Thursday, March 19, 2009

Letter 37- December 5, 1943

December 5, 1943
(Camp Abbot, Oregon)

Dear Folks,

I sure hope you’re beginning to get my mail regularly now. There were 3 days when I was I was unable to write but I’ve been doing much better ever since. As I told you in my last letter I didn’t receive any mail from you for 4 days but now everything seems straightened out. How do you like this paper? The darn thing about it is that I didn’t know I was buying (it) even. I thought I was getting the kind with a spread eagle on it; but when I got into the barracks, this is what I found. I like it though.

Well, the rumors about us moving out of Camp Abbot are beginning to assume real proportions. There are some medical and engineering experts from Fort Leonard Wood here right now studying the mess. Right now, about 20% of all personnel of the entire camp is in the hospital with some kind of cold, flu, or pneumonia and the situation is getting worse. Even officers predict openly now that the camp will be closed by Christmas. If so we’ll probably go somewhere in Texas.

Today is the most beautiful (and coldest) I’ve seen since I’ve been here. All day yesterday there was a heavy snowfall. Of course, I would have to be out on detail all day in that crap, but to get back to the point. Right now at 9:30 in the morning the ground is covered with about a foot of blinding white snow and the sky is as blue as can be. I sure wish I had a camera so I could take some pictures, it’s so beautiful. I was planning to go to Bend today but with all this snow and cold I think I’ll be better off right here. If I get cold here I can always come back to the barracks but if I get cold in that burg I can’t do a hell of a lot about it. I hope you’ll excuse my bad writing.

This morning I stayed in bed until 9:00 and it sure was swell.

I received the box of chocolate bars and finished off the last of them yesterday. I think they made me feel a lot pepier, peppier, peppyer, (take your choice). I have not as yet received the apron but am looking for it.

I was sure sorry to hear about Bill Vaughn getting killed. Wouldn’t you know that’s the way it would happen after floating around on one of those damn tankers all the time.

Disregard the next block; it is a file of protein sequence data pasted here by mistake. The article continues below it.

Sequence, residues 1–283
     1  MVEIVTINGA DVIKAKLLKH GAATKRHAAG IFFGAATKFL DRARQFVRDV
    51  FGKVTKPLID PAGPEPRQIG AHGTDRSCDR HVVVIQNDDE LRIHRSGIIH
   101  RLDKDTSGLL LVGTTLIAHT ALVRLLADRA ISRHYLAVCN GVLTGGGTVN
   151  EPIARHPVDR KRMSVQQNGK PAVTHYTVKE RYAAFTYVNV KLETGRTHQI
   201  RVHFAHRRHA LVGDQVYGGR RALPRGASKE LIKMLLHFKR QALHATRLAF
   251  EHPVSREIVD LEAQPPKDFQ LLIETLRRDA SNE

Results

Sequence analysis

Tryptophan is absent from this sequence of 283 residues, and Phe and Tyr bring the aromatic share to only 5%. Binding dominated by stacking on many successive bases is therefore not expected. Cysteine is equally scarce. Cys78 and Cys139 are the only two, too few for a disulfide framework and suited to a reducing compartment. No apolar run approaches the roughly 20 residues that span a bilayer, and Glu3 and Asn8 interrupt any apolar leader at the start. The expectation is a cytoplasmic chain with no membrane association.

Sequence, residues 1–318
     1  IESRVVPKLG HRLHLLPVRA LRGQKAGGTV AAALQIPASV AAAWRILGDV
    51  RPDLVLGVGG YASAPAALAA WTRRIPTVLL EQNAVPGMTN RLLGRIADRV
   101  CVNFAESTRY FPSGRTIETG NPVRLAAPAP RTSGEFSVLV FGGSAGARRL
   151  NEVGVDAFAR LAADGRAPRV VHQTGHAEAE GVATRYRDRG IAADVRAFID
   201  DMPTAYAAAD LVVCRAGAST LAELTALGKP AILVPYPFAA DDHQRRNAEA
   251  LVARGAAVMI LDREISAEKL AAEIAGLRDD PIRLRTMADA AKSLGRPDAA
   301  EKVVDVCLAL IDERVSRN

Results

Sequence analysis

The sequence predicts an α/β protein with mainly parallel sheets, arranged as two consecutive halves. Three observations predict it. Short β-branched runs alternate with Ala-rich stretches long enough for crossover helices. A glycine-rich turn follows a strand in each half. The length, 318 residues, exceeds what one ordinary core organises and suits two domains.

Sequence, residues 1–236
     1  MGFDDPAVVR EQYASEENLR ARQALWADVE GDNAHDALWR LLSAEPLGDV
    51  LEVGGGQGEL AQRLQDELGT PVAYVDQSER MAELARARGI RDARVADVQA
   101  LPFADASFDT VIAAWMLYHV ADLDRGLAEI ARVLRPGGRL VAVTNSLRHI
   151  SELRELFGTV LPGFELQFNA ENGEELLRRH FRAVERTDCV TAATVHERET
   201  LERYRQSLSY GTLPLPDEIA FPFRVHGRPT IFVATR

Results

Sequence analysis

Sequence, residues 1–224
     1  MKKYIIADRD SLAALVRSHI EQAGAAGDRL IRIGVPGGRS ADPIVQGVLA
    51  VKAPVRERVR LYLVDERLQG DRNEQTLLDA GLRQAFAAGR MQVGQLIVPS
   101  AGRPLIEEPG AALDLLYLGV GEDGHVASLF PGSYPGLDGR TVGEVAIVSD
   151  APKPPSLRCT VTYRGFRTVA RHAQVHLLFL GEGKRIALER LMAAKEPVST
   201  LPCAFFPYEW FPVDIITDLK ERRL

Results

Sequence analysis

Mr. Hamilton must be very proud of Johnny. He must really be doing a great job over there. He always seemed like such a kid it’s hard to realize that he could accomplish such a job. I bet no one will know him when he gets back, he’ll have aged so.

Hot Dawgs! Boy! Oh, boy! A six pound fruitcake. My tongue’s hangin’ on the ground already. As I probably told about 20 times, there’s nothing in the world more important to a soldier next to mail from home than food from home. However, I certainly don’t want you to go without just so you can send me stuff. I can manage.

That Ruby sure must be a kick. Honest to god I never heard of anyone like her. I sure liked your picture, Mother. It gave me a good laugh.

I’m sure glad to hear that we’re going to get something to make up for all the headaches that Hughes clan has given us. If anyone deserves that 5% it’s you.

The trouble that Fulton Lewis has had in getting to the Army camps on the west coast has received much talk here in camp. Everyone knows that there’s something crooked right here, and it’s probably that way elsewhere. As I’ve written before, the C.O. here just happens to also own the land on which the camp’s built. He also controls the bus line here as well as half the town of Bend and all the camp P.X.’s. Nice layout, huh? I’d like to be getting what he rakes in.

I see by the “Sunday Oregonian” the only news I get all week that they really gave hell to Leipzig last night. Boy! If they keep that up there won’t be a town left in Germany.

Well, that’s about all right now.

Bestus Love,

p.s. over

Did you get my letter saying I made sharpshooter and had missed expert by only 4 points. 176 out of 180?


  1. Have you done some research to learn who the Commanding Officer was that owned this land, the bus line, and half the town of Bend? -- wg

  2. This comment has been removed by the author.

  3. I checked the National Archives site which has the official U.S. Navy casualty lists. It shows

    William Frank Vaughn, Pharmacist's Mate 2c, USN, Wife, Mrs. Madeline Vaughn, 1218 S. Menlo, Los Angeles

    There is no date or other information.

  4. I'd be curious to know who John Hamilton is. There is a John Hamilton, First Lieutenant from Los Angeles County killed in action, but from Bill's letter Johnny accomplished something significant rather than being killed.

  5. The CO of Camp Abbot was Col. Frank S. Besson. A West Point graduate, Besson was in command of the ERTC at Ft. Leonard Wood prior to being assigned to Camp Abbot. Nothing in my research indicates any connection between Col. Besson and the Camp Abbot property. According to an article dated November 4,1942 in the Bend Bulletin announcing the construction of the camp, "The cantonment will be located on the area well known as the Shonquist Ranch property." A "Google" of Shonquist Ranch is essentially a dry hole.

  6. Unfortunately I have nothing on Bill Vaughn or John Hamilton. Because Bill is from Los Angeles rather than, say Manhattan, Kansas it is virtually impossibe to get much background on many of the people he mentions in the letters. Having names like John Hamilton doesn't help!


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